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The "Performing a Similarity Search" Lesson is part of the full, Build AI-Powered Apps with OpenAI and Node.js course featured in this preview video. Here's what you'd learn in this lesson:

Scott codes the search function, which converts a query into an embedding and uses cosine similarity to compare it with other embeddings. The score of each search result is displayed demonstrating the proximity of each result.

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Transcript from the "Performing a Similarity Search" Lesson

[00:00:00]
>> Okay, and then let's create the search function. So search, it's gonna be async. It's gonna take in a query, like that. And then we can take an account. This is like, how many results at most did you return? Let's default to 1. I don't know why I have two equal signs here.

[00:00:23] That was weird. You have the count there. And then basically all we need to do is create a store, and we're gonna run this function here called the similaritySearch. So let's go back a second to, let's go back to this right here. Okay, so a similarity search, again that's like, okay, let's highlight this.

[00:00:47] That's a different language. All these are different languages? No, that's okay. Okay, I'm like what is this? Okay, so let's say the query was, let me make that bigger. Let's say the query was, I don't know, trains, like, show me trains or something like that. Or, okay, this result might come back because it mentioned something about a railway, right?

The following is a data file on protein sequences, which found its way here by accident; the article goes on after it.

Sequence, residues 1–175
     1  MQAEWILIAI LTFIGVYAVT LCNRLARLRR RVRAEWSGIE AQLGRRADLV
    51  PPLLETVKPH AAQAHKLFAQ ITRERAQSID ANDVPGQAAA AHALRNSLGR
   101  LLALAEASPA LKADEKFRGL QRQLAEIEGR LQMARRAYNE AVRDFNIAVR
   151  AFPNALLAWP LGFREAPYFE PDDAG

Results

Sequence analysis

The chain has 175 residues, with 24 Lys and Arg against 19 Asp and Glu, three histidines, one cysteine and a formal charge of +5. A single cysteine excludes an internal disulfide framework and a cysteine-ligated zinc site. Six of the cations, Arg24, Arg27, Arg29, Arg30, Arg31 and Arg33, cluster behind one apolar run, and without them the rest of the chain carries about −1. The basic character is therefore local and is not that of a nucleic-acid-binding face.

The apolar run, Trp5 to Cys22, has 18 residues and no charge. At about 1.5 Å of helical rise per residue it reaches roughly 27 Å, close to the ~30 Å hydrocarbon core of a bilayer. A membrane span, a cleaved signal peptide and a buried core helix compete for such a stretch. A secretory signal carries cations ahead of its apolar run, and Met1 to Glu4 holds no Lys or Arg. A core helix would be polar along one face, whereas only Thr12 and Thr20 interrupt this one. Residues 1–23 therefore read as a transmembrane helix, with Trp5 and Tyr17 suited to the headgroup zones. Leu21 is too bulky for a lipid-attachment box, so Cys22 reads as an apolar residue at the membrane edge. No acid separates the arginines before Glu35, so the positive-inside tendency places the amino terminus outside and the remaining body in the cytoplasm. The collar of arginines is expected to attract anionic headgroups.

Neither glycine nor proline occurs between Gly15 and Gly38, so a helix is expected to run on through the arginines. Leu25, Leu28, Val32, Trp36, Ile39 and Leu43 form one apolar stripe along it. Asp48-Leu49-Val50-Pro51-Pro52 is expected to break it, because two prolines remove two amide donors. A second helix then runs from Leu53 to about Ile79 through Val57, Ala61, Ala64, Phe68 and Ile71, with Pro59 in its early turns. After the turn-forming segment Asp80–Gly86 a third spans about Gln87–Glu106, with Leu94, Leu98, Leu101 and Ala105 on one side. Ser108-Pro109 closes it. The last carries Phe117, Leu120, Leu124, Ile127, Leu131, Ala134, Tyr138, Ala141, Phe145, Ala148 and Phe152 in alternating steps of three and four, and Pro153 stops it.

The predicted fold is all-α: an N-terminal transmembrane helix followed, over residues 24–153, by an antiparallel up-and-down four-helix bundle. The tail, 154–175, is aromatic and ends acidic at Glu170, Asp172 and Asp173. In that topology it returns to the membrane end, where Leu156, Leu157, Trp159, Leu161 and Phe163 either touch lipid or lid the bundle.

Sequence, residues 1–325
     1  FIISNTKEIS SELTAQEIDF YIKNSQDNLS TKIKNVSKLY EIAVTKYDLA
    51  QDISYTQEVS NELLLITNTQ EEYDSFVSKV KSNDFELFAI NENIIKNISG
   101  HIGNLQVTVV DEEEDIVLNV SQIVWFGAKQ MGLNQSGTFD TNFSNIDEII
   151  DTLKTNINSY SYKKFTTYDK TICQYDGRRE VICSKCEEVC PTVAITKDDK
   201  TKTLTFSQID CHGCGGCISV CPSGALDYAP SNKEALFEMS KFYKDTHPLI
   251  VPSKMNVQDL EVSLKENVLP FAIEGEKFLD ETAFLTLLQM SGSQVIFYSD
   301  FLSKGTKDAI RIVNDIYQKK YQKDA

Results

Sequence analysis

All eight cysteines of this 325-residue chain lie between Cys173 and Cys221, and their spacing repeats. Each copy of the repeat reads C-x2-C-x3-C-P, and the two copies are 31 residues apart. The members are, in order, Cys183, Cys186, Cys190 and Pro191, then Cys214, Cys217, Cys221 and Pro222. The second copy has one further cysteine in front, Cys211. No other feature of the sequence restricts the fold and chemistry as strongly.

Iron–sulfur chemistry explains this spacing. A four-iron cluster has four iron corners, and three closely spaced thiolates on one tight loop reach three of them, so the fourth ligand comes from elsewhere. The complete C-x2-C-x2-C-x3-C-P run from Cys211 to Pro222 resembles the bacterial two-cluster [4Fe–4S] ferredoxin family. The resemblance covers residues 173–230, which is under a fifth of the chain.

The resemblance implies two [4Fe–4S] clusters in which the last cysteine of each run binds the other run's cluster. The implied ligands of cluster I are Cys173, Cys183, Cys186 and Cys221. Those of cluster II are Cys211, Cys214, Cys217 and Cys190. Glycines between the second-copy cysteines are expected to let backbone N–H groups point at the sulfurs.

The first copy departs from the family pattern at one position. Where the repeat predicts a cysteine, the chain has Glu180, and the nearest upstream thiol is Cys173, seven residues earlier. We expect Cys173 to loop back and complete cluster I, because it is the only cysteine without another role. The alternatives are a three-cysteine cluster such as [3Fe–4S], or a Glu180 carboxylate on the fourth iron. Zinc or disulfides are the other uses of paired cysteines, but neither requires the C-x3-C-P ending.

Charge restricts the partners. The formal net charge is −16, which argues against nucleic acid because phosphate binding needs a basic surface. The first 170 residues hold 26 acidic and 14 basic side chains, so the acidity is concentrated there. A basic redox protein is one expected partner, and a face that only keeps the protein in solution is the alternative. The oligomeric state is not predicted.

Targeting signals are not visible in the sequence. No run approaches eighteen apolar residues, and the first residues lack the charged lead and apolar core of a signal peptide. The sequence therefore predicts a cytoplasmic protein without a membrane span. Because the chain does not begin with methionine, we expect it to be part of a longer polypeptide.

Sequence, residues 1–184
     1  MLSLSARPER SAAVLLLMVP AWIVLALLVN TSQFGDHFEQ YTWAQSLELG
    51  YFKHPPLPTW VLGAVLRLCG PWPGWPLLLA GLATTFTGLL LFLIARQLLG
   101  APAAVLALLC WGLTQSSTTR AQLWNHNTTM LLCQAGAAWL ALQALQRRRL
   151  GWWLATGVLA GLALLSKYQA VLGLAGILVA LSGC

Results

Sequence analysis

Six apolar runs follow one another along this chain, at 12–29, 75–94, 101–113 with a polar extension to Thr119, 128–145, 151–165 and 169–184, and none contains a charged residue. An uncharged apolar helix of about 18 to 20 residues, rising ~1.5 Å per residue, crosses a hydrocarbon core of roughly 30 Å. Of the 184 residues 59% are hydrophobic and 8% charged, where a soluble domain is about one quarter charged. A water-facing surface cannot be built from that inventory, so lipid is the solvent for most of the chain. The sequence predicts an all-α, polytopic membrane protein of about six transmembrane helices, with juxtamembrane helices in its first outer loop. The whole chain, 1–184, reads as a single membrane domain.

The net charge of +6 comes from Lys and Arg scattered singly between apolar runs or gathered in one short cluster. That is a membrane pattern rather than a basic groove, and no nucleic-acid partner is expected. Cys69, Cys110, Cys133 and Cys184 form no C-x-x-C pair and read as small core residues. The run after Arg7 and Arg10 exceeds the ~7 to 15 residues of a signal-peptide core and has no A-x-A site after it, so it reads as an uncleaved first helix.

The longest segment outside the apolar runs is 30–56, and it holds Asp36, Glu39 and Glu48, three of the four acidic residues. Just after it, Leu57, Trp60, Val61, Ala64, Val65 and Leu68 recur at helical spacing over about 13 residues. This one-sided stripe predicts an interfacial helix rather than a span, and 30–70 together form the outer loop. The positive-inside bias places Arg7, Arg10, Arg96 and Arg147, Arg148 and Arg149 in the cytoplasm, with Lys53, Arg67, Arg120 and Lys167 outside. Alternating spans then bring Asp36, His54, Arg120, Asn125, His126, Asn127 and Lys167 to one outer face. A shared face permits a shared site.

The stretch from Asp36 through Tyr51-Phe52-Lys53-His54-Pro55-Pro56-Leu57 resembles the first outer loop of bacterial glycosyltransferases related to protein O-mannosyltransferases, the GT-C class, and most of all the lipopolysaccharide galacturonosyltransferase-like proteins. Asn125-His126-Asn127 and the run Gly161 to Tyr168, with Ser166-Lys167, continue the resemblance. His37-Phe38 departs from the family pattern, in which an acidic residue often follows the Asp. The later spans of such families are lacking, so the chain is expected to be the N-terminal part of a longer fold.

[00:01:17] That's the semantics behind that. And, yeah, so in order to do that, I need to take the query that you are sending and I need to throw it in here. I have to throw it in here, otherwise, I can't do math on how close something is to it.

[00:01:35] So just like we are taking all these documents and using this embeddings function to convert them to embeddings, which are a list of vectors which are just an array of numbers, we have to do the same thing with the query. The query also needs to be converted to a list of numbers so we can throw it in the same plot as these numbers, and compare them to see how close they are to each other, right?

[00:02:01] So like, let's say that train lands here. Okay, if I had a train right here on this mouse, this is really close to it. So let's return that, right? So that's how that works. Okay, so let's do that. So const store = await createStore() This is gonna create our store which indexes our documents, which creates embeddings for them.

[00:02:30] So now we have those. We have embeddings here, that's done. The next thing we need to do, like I said, is this similaritySearch. There's many different algorithms that calculates simulators very differently. I don't think I can even talk about them all there, just beyond me. But one of the most popular ones is the cosine similarity search.